A new system uses UV light projected onto objects coated with light-activated dye to alter the reflective properties of the dye, creating images in minutes.

UV light system switches objects’ colours and patterns

Image credit: Image courtesy of Michael Wessley, Stefanie Mueller, et al at MIT

MIT researchers have developed a system that rapidly updates imagery on object surfaces.

The system, dubbed ‘ChromoUpdate,’ pairs an ultraviolet (UV) light projector with items coated in a light-activated dye. The projected light alters the reflective properties of the dye, creating colourful new images in just a few minutes.

According to the researchers, the technique could accelerate product development, enabling product designers to churn through prototypes without getting bogged down with painting or printing. “ChromoUpdate takes advantage of fast programming cycles – things that wouldn’t have been possible before,” said Michael Wessley, a postdoc at MIT’s Computer Science and Artificial Intelligence Laboratory.

The system builds on the researchers’ previous programmable matter system, called PhotoChromeleon. That method was “the first to show that we can have high-resolution, multicolour textures that we can just reprogram over and over again,” Wessely explained.

PhotoChromeleon used a lacquer-like ink comprising cyan, magenta, and yellow dyes. The user covered an object with a layer of ink, which could then be reprogrammed using light. First, they exposed the ink to a UV light from an LED, fully saturating the dyes. Then they selectively desaturated the dyes with a visible light projector, bringing each pixel to its desired colour, and leaving behind the final image.

Wessely said that although PhotoChromeleon was innovative; it was also sluggish – it took about 20 minutes to update an image. “We can speed up the process,” he added. And the researchers achieved that with ChromoUpdate, by fine-tuning the UV saturation process.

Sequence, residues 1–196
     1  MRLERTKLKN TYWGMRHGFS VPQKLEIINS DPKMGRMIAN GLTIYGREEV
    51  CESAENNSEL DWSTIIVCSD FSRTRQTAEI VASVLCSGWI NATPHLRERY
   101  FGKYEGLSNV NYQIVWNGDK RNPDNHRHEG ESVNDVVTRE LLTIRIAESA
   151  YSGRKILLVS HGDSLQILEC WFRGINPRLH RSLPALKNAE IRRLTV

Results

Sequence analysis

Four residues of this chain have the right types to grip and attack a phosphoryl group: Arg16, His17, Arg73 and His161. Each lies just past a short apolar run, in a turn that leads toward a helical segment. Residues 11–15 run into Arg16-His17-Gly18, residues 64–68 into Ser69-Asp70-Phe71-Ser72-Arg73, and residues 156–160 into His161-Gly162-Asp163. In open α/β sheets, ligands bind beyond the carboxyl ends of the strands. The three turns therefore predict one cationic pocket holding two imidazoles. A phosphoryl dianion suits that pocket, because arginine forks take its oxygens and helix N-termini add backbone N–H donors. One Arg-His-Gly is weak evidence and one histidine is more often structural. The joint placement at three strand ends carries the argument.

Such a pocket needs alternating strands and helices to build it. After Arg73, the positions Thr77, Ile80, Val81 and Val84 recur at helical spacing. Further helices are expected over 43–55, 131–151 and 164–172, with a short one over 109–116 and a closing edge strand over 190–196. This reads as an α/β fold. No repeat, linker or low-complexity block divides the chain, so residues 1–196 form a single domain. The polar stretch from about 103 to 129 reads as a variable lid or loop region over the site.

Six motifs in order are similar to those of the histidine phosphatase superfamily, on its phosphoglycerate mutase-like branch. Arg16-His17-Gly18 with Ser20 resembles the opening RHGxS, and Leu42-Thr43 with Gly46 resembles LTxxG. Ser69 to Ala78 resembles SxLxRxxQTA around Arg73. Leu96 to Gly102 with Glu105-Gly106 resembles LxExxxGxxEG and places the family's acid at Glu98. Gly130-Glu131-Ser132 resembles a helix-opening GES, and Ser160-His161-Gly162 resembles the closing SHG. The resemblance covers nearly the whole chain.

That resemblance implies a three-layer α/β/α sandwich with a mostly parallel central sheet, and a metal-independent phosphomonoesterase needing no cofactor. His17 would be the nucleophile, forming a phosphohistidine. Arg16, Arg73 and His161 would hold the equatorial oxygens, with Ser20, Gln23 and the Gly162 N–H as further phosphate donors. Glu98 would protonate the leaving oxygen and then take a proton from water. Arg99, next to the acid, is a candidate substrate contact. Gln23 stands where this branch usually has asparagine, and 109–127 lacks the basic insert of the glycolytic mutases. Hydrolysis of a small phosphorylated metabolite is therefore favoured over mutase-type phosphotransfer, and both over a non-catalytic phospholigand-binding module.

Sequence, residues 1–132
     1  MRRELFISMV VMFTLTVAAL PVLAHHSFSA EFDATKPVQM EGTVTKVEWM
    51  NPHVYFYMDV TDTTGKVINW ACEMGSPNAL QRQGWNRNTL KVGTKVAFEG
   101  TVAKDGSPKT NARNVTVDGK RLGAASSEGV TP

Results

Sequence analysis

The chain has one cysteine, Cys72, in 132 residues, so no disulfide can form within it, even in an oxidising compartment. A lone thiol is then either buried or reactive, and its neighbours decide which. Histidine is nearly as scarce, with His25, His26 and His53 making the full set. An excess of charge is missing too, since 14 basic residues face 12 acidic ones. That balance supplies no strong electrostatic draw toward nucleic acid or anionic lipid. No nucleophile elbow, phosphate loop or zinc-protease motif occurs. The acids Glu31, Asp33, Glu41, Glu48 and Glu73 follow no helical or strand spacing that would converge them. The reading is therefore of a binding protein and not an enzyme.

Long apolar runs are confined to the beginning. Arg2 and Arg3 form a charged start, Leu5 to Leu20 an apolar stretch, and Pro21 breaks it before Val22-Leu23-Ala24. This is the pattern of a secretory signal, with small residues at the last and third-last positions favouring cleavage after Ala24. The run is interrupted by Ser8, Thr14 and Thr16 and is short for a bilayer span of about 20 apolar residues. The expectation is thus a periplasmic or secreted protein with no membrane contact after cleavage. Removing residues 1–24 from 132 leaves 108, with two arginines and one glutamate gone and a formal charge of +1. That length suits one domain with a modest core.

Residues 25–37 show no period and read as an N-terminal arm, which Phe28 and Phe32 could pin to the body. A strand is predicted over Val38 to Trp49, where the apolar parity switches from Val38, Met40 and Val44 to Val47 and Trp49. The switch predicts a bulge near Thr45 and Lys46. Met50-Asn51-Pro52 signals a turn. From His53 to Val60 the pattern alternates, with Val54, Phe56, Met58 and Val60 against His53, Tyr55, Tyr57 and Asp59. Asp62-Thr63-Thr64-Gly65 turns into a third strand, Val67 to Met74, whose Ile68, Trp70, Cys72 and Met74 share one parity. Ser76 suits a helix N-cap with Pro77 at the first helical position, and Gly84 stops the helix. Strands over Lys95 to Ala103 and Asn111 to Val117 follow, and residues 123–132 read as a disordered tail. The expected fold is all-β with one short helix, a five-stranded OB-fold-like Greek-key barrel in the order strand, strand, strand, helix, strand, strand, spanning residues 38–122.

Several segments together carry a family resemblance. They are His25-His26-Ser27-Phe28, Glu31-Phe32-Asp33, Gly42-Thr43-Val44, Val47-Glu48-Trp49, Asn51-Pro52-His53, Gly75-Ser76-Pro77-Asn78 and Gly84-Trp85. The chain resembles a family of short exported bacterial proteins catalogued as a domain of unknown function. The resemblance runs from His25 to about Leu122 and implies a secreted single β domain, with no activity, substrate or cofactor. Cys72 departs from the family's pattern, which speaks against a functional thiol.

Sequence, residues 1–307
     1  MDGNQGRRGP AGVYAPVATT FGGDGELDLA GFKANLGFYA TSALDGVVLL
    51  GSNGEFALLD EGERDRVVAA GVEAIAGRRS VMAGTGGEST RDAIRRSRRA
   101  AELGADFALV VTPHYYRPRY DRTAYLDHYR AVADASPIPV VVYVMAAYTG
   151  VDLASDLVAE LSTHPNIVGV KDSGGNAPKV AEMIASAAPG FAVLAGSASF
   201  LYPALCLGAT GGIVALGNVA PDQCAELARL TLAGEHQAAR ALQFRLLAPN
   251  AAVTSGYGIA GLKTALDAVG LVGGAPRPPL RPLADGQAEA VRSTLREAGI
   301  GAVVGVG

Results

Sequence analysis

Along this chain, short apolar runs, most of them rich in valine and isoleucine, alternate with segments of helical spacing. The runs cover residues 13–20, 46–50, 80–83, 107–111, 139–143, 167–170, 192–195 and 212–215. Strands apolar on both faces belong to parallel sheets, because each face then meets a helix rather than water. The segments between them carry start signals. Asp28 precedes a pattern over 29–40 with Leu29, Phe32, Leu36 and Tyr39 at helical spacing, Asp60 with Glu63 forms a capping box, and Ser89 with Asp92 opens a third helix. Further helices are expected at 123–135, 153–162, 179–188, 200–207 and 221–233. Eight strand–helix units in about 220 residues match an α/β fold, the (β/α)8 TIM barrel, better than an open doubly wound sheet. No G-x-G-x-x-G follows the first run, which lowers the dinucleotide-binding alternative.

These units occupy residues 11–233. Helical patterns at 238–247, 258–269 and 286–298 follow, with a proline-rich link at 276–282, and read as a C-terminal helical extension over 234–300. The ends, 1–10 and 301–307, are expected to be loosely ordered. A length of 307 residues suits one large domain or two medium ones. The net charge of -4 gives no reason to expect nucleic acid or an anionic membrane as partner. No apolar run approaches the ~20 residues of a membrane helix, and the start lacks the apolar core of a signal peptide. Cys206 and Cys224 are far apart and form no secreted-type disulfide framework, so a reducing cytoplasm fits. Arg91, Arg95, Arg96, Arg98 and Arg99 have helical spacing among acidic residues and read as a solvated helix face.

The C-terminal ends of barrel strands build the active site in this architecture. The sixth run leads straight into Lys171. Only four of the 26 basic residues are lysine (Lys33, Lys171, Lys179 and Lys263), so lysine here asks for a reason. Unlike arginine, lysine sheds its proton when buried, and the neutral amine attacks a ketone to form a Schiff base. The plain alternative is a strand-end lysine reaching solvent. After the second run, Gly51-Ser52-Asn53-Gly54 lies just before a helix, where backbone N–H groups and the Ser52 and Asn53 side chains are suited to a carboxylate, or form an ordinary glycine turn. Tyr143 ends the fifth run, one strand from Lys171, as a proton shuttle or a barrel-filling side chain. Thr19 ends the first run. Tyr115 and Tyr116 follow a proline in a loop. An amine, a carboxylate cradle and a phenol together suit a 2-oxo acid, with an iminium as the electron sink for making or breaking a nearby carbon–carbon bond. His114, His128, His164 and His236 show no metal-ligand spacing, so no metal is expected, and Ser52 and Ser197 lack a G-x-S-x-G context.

Rather than using an LED, which uniformly blasts the entire surface, ChromoUpdate uses a UV projector that can vary light levels across the surface. So, the operator has pixel-level control over saturation levels. “We can saturate the material locally in the exact pattern we want,” Wessely said.

According to the researchers, this helps saves time. For example, someone designing a car’s exterior might simply want to add racing stripes to an otherwise completed design, and ChromoUpdate lets them do just that, without erasing and re-projecting the entire exterior.

This selective saturation procedure allows designers to create a black-and-white preview of a design in seconds, or a full-colour prototype in minutes. That means they could try out dozens of designs in a single work session, a previously unattainable feat.

“You can actually have a physical prototype to see if your design really works,” said Wessely. “You can see how it looks when sunlight shines on it or when shadows are cast. It’s not enough just to do this on a computer.”

That speed also means designers could use ChromoUpdate for providing real-time notifications without relying on screens, they said. “One example is your coffee mug,” Wessely explained. “You put your mug in our projector system and program it to show your daily schedule. And it updates itself directly when a new meeting comes in for that day, or it shows you the weather forecast.”

Wessely hopes to keep improving the technology. At present, the light-activated ink is specialised for smooth, rigid surfaces like mugs, phone cases, or cars. But the researchers are working toward flexible, programmable textiles. “We’re looking at methods to dye fabrics and potentially use light-emitting fibres,” said Wessely. “So, we could have clothing – t-shirts and shoes and all that stuff – that can reprogram itself.”

The researchers have partnered with a group of textile makers in Paris to see how ChomoUpdate can be incorporated into the design process.

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